The Pittsburgh Steelers are in a free-fall, and the only reason they're still alive for a postseason spot with a 7-7 record is because the AFC is pretty mediocre this year. Is Pittsburgh deserving of a playoff spot? It really doesn't matter, it's all about the math. Two victories to end the regular season will clinch a postseason berth and there is nothing anyone can do about it.
Of course, one has to wonder just how much damage the Steelers will be able to do if they make the dance. Right now, they're injured and struggling in the turnover department, with a minus-14 for the season. That's not championship football.
However, recent history tells us that a team can squeak into the playoffs and still go on a championship run. The previous two Super Bowl champions--the Green Bay Packers and New York Giants--needed to win on the final week of the regular season just to make the playoffs, yet, once they did, they went on a roll and never stopped until they hoisted the Lombardi.
In fact, New York woke up on Christmas Eve a year ago pretty much in a similar predicament to the Steelers this season. The Giants were 7-7 and losers of five out of six. Somehow, though, they were still in control of their own fate and took care of business in Weeks 16 and 17.
If the Steelers don't feel like looking back to recent NFL history to stay motivated down the stretch, maybe they can use my fantasy football team--Horrible Losses--as an example of what can happen if you get hot at the right time.
For those of you who know me, you're probably aware of just how "horrible" my fantasy football history has been. From 2003-2011, I played in at least one league a year but only made the playoffs one time.
I played in money leagues from 2003-2009 and never won a single dime--I would have been better off just flushing the $35 fee down the drain every year.
The past three seasons, I've been in a "fun" league (no money), and it's been mostly the same story: Injuries, bad luck, etc, etc.
This season started out much the same way with my usual 0-2 start. I rebounded and managed to win three straight games, and it was pretty much that same pattern the rest of the season. Weeks 3-14, I was never more than a game below .500 and never more than a game above.
And that, in and of itself, is pretty remarkable, considering I had the second lowest point total in the league. There's an interesting stat that breaks down what my record would be if I played every other team every week, and my record would be 39-57-2 .
Maybe my low point total had to do with my inept roster management. There is another stat in my league that breaks down the number of points a team leaves on the bench, and for the season, I finished at -381 in that category, or 27 points a week. The Steelers are struggling with trying to overcome a minus-14 in their turnover ratio, try winning fantasy football games when you start four players who are on byes like I did in Week 6--I scored 25 points!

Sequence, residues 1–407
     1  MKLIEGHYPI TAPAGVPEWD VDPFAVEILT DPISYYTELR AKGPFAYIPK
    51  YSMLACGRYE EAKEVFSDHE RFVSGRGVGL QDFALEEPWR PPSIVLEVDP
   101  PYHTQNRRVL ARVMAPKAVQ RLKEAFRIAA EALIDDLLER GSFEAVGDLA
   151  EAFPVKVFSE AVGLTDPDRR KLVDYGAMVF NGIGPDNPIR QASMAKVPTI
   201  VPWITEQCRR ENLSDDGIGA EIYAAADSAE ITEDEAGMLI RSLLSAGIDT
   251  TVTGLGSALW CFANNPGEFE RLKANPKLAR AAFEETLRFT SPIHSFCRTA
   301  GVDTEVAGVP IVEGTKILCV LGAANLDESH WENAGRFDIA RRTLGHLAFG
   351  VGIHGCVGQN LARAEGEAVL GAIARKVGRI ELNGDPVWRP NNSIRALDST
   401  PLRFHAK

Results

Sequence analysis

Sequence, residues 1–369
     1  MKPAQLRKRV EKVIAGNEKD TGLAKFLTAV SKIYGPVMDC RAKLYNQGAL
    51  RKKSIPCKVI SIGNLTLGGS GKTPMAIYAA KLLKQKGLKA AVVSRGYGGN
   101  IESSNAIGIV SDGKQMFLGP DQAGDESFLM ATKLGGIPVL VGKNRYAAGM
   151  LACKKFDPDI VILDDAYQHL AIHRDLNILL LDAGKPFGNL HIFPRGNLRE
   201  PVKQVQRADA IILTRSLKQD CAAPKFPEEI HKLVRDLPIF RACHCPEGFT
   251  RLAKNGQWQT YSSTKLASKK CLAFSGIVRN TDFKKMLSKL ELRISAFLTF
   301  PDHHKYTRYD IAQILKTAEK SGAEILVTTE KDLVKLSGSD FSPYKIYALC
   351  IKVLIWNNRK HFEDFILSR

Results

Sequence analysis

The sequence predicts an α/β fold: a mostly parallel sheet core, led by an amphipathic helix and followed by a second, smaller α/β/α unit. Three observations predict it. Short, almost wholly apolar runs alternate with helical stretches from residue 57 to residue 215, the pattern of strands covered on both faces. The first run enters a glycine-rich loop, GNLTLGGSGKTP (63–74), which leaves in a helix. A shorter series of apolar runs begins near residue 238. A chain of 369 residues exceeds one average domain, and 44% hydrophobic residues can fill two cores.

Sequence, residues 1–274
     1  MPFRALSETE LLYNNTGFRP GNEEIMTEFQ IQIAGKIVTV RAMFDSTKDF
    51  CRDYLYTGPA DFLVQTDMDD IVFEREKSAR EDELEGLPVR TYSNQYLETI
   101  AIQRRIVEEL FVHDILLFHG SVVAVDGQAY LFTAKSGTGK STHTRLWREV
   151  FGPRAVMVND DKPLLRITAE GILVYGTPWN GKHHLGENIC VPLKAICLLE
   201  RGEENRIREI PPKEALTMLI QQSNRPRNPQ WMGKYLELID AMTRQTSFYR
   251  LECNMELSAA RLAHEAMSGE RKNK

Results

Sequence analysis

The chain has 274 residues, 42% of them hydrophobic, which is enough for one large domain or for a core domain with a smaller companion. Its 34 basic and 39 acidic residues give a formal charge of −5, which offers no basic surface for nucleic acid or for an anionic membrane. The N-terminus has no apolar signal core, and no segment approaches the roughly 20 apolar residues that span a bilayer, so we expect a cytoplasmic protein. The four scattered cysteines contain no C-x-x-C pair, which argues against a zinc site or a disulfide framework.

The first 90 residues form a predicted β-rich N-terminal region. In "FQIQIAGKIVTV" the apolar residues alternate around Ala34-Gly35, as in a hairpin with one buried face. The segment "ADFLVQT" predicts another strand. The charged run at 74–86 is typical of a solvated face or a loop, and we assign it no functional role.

You think injuries are demoralizing to a real NFL team, how do you think I felt when I left Tampa Bay Buccaneers running back Doug Martin and his 51 points on the bench in Week 9?
However, I managed to hang in there the entire year and actually clinched a playoff spot in Week 13 with only a 7-6 record. I lost in the final regular season game to finish the season at 7-7. Why'd I make the postseason with such a low point total? Simple, I had the third lowest points against. Much like the Steelers in the mediocre AFC, it sometimes just comes down to luck.
Did I deserve to be in the playoffs? Judged on my performance of managing my team, probably not. But just like in the NFL, it's all about the math (thank goodness, my league doesn't rank its teams by points).
Four teams make the playoffs in my league, and needless to say I entered the postseason as the fourth seed and faced the number one seed in the semi-finals, a 12-2 team that scored 117 points more than I did in the regular season.
However, I won because of three reasons.
First, I decided to start Matt Schaub instead of Matthew Stafford, who I started almost exclusively in the regular season, and Schaub put up 14 points to Stafford's three.
Secondly, I went with my gut and inserted Michael Crabtree into the starting lineup as one of my wide receivers, and he picked up 22 points.
And third, my opponent's quarterback, Tom Brady, did a QB slide right before the goal line instead of trying to dive for a touchdown in the Patriots Sunday night game against San Francisco.
Those three things all added up to a six point win, and my team, perhaps the worst performing unit in my fantasy league, is in the championship round and one game away from winning it all.
So, let this be a lesson to the 2012 Pittsburgh Steelers. As long as you make the dance and make all the right moves once you get there, anything is possible.